According to the official Whole 30 book It Starts With Food, you can’t really do a vegetarian Whole30.  Pescetarian?  No prob.  Vegetarian though…  First, the authors do their best to convince vegetarians to just “give up” their meat-free ways for 30 days, like it’s as simple as deciding you’re not going to eat ketchup anymore.  If you aren’t up for such a sacrifice, a vegetarian diet will require some Whole30 modifications to ensure your food intake is balanced and wholesome.  It’s called Veg Whole30.

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Here’s what you get to swap in for all the meat when you do a Veg Whole30:

  • Limited dairy from pastured, organic, fermented sources (like yogurt and kefir)
  • Minimally processed, fermented soy products like tempeh or natto
  • Organic edamame
  • Nonfermeted soy (extra-firm tofu)
  • Legumes (soaked for 12-24 hours, rinsed, then boiled for at least 15 minutes to reduce anti-nutrient and inflammatory compounds)
  • Whey protein powder from grass-fed organic sources
  • Hemp or pea protein powders

The authors caution to avoid all grains and grain products, including seitan and quinoa, while doing the Veg Whole30.  Likewise, they suggest eating beans and tofu in rotation (i.e., not eating them every day).

When you quit meat, people often wonder how the heck you get your protein in.  It’s a good question, though, I think most people are eating way more protein than they need each day.  I recently read a series of posts on No Meat Athlete, which argue that only 10-15% of our daily calorie intake needs to come from protein.  Say you eat about 1800 calories a day.  That means at least 180 should come from protein, which is the equivalent of at least 45 grams of protein a day.

#vegwhole30 {ferventfoodie.com}

Here’s an example of how to easily hit 45g of protein by lunch time under Veg Whole30:

Breakfast:  2 eggs* + 1 cup sauteed kale + 1/2 cup lentils  = 23g protein

Lunch:  3 oz tempeh + 1 cup broccoli + 1 med banana + 1 tbsp almond butter = 24g protein

*Note that if you don’t eat eggs, you could easily double the kale/lentil combo and exceed the 45g protein goal.

At risk of sounding crass, Veg Whole30 isn’t really that hard.  Sure, it takes dedication, planning, and more time spent cooking than most folks are used to, but I actually enjoy all that stuff.  I like the excuse to get into the kitchen, and I think it’s fun to make every darn thing from scratch.  Whole30 isn’t meant to be a long-term “diet” — it is a 30-day reset.  Which, in January, feels especially welcome after weeks of holiday overeating under our bulging belts.  Speaking from the other side, Whole30 will change the way you eat (and drink) long term, far past the end of January.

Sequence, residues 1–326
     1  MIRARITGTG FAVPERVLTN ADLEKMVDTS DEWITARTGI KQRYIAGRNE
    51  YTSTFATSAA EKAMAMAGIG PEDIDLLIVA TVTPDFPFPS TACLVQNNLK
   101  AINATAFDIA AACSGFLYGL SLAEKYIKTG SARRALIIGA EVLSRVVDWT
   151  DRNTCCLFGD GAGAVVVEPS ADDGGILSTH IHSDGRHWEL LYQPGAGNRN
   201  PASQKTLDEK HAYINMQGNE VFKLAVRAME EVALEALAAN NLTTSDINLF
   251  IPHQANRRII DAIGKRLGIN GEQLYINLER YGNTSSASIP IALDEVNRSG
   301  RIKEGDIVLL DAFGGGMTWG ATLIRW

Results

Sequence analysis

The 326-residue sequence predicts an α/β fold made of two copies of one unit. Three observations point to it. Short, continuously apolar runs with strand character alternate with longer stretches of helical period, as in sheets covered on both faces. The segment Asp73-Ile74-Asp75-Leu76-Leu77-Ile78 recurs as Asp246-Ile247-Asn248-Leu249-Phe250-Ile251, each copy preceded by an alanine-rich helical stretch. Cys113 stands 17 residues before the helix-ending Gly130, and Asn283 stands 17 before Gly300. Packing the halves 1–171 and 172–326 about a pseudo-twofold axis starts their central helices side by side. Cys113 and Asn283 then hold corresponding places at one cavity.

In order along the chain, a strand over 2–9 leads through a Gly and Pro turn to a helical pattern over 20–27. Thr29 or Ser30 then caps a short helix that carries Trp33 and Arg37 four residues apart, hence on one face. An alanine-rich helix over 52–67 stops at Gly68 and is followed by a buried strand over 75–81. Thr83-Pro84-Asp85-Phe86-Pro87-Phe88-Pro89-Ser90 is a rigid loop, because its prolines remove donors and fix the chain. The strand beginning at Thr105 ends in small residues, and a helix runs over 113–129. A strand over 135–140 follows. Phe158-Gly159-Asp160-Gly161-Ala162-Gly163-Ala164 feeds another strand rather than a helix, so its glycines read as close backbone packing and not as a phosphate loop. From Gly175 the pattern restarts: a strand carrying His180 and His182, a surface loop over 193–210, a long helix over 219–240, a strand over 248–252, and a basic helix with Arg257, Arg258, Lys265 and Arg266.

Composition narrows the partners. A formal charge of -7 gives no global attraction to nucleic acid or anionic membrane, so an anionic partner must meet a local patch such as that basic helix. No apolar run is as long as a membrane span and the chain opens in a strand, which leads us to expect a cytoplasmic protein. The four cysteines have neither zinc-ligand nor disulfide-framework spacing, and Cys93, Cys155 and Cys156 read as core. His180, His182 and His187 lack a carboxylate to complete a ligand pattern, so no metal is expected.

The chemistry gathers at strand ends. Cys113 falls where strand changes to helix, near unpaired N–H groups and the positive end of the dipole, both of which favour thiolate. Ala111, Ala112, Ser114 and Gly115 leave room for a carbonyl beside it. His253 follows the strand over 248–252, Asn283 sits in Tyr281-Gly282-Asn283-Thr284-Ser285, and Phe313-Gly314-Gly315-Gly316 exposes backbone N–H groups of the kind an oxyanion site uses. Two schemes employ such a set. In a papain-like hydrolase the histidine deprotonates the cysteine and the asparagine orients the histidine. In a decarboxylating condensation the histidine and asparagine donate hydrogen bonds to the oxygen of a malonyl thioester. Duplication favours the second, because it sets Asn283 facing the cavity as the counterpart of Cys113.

Some links that may be useful:

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Gluten-free-for-all

Thanks to goodnessknows for sponsoring this post and encouraging me to refocus on healthy living goals!

I remember once proclaiming that I’d rather date a vegetarian than someone who was gluten-free.  I said “vegetarian” like it was something utterly disdainful, the penultimate compatibility failure.  Fast forward a few years, and I’m the (most-of-the-time) vegetarian touting a gluten-free fellow.  Oh, how the tables turn!  Starting this blog 6.5 years ago was sort of like my healthy living “puberty” — back then, I was dipping my toe in the internet’s complex, often conflicting, never-ending pool of health-focused information.  I was intrigued, excited, and totally misguided.  But, just as our bodies physically mature over our lifetimes, our tastes, preferences, and views shift and expand, strengthen and sag too.  And thank god for that.  Otherwise I’d still be eating fat-free dairy for snacks and microwaved broccoli for breakfast every day. goodnessknows

Near the time I started blogging, I learned about the gluten-free diet from my friend Tracy, who, after an onslaught of tummy troubles, found that dairy-free, gluten-free foods made her feel “normal” again.  At the time, “gluten” was a word few people knew or cared much about, and this whole gluten-free diet thing sounded MISERABLE to me.  So, I made it my mission to find Tracy a decent gluten-free, dairy-free pizza so that her new GF life wouldn’t be completely devoid of joy.
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Good to Freaking Great {some thoughts on healthy living}

A big thanks to goodnessknows for sponsoring this post (and contributing to this grad student’s emergency vacation fund!).  

The well-documented link between mental stability and physical activity is one I won’t drudge on about here.  In short, mental health and physical health are intertwined just like the pastel colors in those rainbow bagels I see all over the internet these days.  Basically, bagels are my therapy.  I MEAN EXERCISE.  Yes, exercise.  And by therapy, I simply mean that I am happiest and most emotionally stable when I get some form of exercise each day.  I joke that like a dog, I need walked twice a day.   Even small amounts of exercise (like walking) boost my energy and mood.

Goodness Knows #tryalittlegoodness

Of course this all sounds wonderful, but the truth is that when life gets crazy, exercise is the first thing to disappear from my routine (followed closely behind by healthy eating), and in those high-stress chunks of days, I feel my happiness dissipate — not to depression, but to numbness.  I become numb to the world as I focus with champion-like intention on the task at hand.  You see, I’m what my dad calls a “go-getter” always seeking out some thing, some goal, and hunkering down till I obtain it.  A goal-getter, really.  I know this about myself, and actually, I like this quality.  But, each time, after the smokey stress cloud clears, I look back on the weeks or months that have lapsed and am often disappointed that I let so much life pass me by; that my mission for mindfulness was yet again neglected; that I sacrificed those things that help me be my best me.

Goodness Knows #tryalittlegoodness